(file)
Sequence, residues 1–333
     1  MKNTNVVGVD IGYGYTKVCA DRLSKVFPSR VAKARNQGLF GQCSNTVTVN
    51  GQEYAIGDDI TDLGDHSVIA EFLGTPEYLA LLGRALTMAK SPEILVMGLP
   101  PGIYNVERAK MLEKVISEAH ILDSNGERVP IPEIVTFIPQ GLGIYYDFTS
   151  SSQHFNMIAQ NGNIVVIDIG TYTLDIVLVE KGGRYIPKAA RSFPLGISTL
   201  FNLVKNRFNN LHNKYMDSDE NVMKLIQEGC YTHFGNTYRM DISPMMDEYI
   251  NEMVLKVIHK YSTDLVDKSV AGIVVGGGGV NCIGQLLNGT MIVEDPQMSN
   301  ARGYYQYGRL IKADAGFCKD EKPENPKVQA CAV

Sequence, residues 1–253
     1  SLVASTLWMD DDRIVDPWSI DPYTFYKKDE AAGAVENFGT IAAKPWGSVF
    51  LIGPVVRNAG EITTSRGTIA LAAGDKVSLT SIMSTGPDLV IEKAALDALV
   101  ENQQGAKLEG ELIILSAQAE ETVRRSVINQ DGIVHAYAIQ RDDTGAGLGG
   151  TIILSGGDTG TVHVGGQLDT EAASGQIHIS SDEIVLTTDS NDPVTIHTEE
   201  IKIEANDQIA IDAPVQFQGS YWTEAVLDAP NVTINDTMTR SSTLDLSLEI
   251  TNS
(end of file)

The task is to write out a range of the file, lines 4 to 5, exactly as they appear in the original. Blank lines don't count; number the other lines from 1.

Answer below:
   101  PGIYNVERAK MLEKVISEAH ILDSNGERVP IPEIVTFIPQ GLGIYYDFTS
   151  SSQHFNMIAQ NGNIVVIDIG TYTLDIVLVE KGGRYIPKAA RSFPLGISTL